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What’s the Matter With? – Wayne Rooney’s England form

| 18.10.2012

England’s lacklustre performance in Poland has left a lot of supporters with the familiar taste of disappointment in their mouths. Roy Hodgson’s men were presented with plenty of ready-made excuses following the farcical postponement of the fixture which, to their credit, they didn’t use, but clinging onto a 1-1 draw against a far inferior team is unacceptable.

Despite this slip up, England remain at the Group H summit and are a massive 1/8 to qualify for Brazil 2014, yet they are in for a grittier scrap than their odds suggest, especially if Wayne Rooney keeps churning out the same level of dross as he did in Warsaw.

Fabio Capello once claimed the Manchester United man ‘only understands Scottish’ in relation to his inability to reproduce the brilliant club form all Premier League followers are accustomed to when sporting a Three Lions jersey.

Prior to Poland, he put San Marino to the sword, but they have a single professional footballer in their ranks and would struggle in a pub league. Normal England service was resumed last time out, however, as Rooney was arguably the worst player on the park.

He scored, but was incredibly fortunate to do so. His touch was so heavy it could have been likened more to a rugby player’s as opposed to one of the world’s elite, and he capped the performance with a comedic hoof over the bar from point-blank range, before trying to lay the blame with Danny Welbeck for a poor pass in classic ‘bad workman’ fashion.

His performances at the Euros were also straight out of his textbook of international underachievement after netting 35 goals for Sir Alex Ferguson’s men last term. Many would argue that he hasn’t done it for his country since his first major tournament – Euro 2004.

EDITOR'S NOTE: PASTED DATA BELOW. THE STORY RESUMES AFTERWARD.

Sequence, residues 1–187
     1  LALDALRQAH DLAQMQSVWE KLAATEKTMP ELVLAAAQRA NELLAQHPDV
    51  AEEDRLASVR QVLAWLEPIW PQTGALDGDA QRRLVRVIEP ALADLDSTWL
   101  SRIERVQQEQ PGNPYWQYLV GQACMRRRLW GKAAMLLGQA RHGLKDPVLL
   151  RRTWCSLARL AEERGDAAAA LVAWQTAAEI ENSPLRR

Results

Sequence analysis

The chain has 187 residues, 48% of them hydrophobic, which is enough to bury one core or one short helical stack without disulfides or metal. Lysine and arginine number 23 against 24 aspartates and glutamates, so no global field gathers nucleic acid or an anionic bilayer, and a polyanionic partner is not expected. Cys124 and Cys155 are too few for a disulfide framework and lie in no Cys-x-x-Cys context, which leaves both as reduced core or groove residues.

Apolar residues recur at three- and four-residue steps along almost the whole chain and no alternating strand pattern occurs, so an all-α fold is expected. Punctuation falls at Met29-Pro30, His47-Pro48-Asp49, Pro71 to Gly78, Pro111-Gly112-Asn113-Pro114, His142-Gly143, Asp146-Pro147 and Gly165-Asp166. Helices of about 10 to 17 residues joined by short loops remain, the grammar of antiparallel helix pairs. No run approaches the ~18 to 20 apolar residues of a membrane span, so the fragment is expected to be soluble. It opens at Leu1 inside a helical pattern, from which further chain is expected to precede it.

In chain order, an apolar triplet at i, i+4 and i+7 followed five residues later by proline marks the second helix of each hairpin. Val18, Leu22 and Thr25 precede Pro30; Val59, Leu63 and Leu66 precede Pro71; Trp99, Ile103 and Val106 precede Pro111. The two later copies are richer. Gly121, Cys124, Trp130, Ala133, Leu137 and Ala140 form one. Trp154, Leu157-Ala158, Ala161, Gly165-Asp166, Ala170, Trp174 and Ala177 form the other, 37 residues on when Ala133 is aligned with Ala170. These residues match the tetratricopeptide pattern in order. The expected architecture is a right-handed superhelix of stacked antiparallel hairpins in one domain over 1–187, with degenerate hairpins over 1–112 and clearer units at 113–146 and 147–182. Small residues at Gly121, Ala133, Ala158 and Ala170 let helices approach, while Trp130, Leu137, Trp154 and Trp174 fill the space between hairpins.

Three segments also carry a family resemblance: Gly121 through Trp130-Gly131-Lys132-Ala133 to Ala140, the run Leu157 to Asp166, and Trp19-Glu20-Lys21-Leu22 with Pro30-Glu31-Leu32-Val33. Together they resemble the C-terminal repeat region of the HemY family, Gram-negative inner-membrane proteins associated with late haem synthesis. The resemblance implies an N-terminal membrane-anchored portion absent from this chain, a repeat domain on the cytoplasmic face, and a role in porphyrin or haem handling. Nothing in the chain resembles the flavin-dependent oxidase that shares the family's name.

Rooney has notched 32 goals in 78 England caps – an altogether decent return – but has rarely dominated a game as he does for United on a regular basis.

So what’s his problem when pulling on an England shirt?

Some would argue it’s the added expectation of the entire nation who all look to Rooney to tear defences to pieces with his full-blooded attacking abilities, but that can’t be right. Being the main man at a footballing behemoth such as United comes with mountains of pressure which he revels in.

It’s not as if there’s an array of egos battling to be top dog in the England dressing room either; no one can hold a candle to Rooney in terms of quality and being the star player is nothing that has fazed the former Everton man in his Red Devils career to date either.

Furthermore, England have adopted a similar system to which Rooney thrives in at United, yet you would think he’d never played there in his life judging by his efforts in Poland.

Perhaps he just doesn’t have the same passion for playing international football as he does at club level, which is the case for a lot of fans, speaking on a personal level, who would much prefer to see their club win a trophy than see England win the World Cup.

The player would, obviously, dismiss this outright yet, if it’s not the case, the answer as to what’s up with Rooney’s dismal England form is a complete mystery.

All odds and markets accurate as of publication’s time and date



James Middleton